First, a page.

How to convince your organization to adopt e-signatures

published on E-signature technology

As a lawyer, your colleagues have probably told you all the reasons why you shouldn’t use e-signatures: “they’re too risky,” “too many things can go wrong” – you can’t blame them for assessing the risks, they’re just doing their job. However, the next time you’re standing in front of the fax machine for five minutes before realizing it’s out of paper, maybe it’s time for your legal department to consider adopting e-signatures and get rid of the fax machine altogether.

Effacts-Blog-How-to-Convince-your-Organization-to-Adopt-e-signatures

1. E-signatures have been around since the Victorian times.

E-signatures have been legal in the United States since 2000, but they’re actually much older than that. In 1869 the New Hampshire State Supreme Court ruled that intent could be verified electronically – by telegraph at the time. Since intent is what counts, the medium in which the document is signed doesn’t matter.

2. E-signatures create a ton of evidence.

All it takes to forge a signature on paper is a pen. If there’s one thing lawyers love, it’s evidence. E-signatures from our partner DocuSign carry a lot of information about the sender, along with a full audit trail, bank-level encryption, tamper-proof certificates and multi-step authentication. Each of these data points provide lawyers with sufficient evidence that can hold up in court.

3. Everyone’s doing it.

Other lawyers in the field have made your life easier by already sorting through any legal concerns surrounding electronic signatures in the areas of admissibility, compliance and repudiation, and it’s fine with them. According to a number of national and international laws, e-signatures can be submitted as evidence in litigation (including in The Netherlands). On a similar note, e-signatures help ensure regulatory compliance, since governments accept them as valid types of signatures. Plus, e-signatures and the documents they validate are stored digitally, so contracts can’t be lost or destroyed by accident, which means a record of actions is always available. Repudiation is when a signer denies the document was signed or the document was edited after they signed. The digital information associated with an e-signature contains proof of both a signer’s identity and the document’s integrity, so there’s no misunderstanding.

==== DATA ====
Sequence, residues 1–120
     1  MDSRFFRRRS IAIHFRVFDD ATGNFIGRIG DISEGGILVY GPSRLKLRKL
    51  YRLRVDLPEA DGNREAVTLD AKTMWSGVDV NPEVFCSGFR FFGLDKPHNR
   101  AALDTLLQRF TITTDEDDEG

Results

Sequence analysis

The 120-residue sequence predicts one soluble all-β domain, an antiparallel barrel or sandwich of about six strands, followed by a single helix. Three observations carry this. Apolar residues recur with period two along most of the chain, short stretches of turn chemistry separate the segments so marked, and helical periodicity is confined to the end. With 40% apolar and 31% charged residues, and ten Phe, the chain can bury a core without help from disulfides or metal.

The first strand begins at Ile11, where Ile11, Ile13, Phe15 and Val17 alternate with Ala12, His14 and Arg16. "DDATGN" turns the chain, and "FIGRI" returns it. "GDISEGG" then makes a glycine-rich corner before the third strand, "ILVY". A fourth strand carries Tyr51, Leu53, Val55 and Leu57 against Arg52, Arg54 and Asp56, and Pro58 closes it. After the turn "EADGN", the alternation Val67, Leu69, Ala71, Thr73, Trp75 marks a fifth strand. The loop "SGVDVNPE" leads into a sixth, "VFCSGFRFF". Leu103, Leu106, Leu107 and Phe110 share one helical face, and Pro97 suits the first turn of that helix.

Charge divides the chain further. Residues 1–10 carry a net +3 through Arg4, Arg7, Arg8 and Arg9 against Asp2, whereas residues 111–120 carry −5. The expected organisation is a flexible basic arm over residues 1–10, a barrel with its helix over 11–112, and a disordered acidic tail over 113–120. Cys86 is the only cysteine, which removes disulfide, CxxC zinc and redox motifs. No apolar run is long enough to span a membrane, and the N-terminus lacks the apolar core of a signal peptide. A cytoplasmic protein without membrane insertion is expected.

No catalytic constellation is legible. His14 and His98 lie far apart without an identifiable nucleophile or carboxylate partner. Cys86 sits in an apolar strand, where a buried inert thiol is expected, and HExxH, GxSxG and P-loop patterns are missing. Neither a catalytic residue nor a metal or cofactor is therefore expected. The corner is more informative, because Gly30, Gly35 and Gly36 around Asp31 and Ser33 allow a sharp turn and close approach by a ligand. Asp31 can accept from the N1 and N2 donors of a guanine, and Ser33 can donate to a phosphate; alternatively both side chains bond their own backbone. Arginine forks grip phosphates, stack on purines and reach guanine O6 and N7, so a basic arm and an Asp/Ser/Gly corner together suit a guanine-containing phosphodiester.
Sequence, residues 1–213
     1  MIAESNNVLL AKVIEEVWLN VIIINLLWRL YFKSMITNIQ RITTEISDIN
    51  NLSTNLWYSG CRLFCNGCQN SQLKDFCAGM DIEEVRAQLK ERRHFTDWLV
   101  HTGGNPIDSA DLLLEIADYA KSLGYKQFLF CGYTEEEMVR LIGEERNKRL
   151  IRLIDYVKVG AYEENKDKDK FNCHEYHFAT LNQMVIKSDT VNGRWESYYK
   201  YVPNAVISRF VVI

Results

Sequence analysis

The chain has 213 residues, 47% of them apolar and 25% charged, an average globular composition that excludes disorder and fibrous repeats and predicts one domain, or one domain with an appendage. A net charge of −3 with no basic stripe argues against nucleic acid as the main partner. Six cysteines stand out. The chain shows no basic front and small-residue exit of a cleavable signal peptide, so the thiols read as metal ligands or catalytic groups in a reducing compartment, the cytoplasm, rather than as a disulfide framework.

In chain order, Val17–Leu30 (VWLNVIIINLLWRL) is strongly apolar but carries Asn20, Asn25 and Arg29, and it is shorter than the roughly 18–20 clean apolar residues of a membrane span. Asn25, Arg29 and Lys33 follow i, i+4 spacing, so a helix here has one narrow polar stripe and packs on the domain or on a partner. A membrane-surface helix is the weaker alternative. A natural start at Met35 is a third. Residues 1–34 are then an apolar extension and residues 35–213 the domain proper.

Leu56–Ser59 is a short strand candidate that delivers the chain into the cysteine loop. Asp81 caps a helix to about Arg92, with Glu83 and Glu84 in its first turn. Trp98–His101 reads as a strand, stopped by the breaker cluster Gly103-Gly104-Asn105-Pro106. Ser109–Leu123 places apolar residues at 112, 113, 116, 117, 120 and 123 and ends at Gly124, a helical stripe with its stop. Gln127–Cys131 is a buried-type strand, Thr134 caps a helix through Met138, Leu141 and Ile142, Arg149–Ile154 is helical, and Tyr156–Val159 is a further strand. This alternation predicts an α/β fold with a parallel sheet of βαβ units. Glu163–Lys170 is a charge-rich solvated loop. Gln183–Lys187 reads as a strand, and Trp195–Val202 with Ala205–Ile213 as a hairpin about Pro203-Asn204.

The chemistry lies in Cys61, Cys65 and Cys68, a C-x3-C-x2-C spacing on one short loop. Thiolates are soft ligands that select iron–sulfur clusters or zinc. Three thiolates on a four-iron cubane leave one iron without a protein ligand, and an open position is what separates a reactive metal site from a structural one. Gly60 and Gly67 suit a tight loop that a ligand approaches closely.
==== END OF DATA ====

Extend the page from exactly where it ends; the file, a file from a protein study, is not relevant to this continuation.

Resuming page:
4. Think of how much stakeholders will love it.

A lawyer’s job is to protect the client’s interests. A client’s interests likely involve increasing the organization’s  value for stakeholders, so streamlining processes is important. What company isn’t trying to increase efficiency and save money these days? For instance, the integration of DocuSign with Legisway allows lawyers to benefit from a 100% digitalized paperless workflow. There’s no more money or time wasted waiting at the printer, tracking down a signer and shipping costs. By removing the prices of printing, faxing and express shipping, companies experience significant savings.

5. Don’t dive into the deep end, just dip a toe.

If your colleagues are a little skeptical about getting rid of all contracts on paper and adopting the use of e-signatures across the organization in one go, show everyone by implementing the technology on standard types of contracts. A good starting point are non-disclosure agreements – every corporate legal department struggles to handle the mounting pile of these types of low-risk, high volume agreements. Showing your colleagues how e-signatures can make their lives easier is a great way to help them grasp how valuable this technology can be for the entire organization.

Takeaway:

It’s easy to convince your corporate legal department when you’re armed with a logical argument – like the one we just put together for you. When your colleagues fully understand that e-signatures comply with local and international legislation, are more secure than handwritten signatures and contain a full audit trail, your biggest concern is what to do with the empty space where the fax machine used to be. How about a mini-fridge?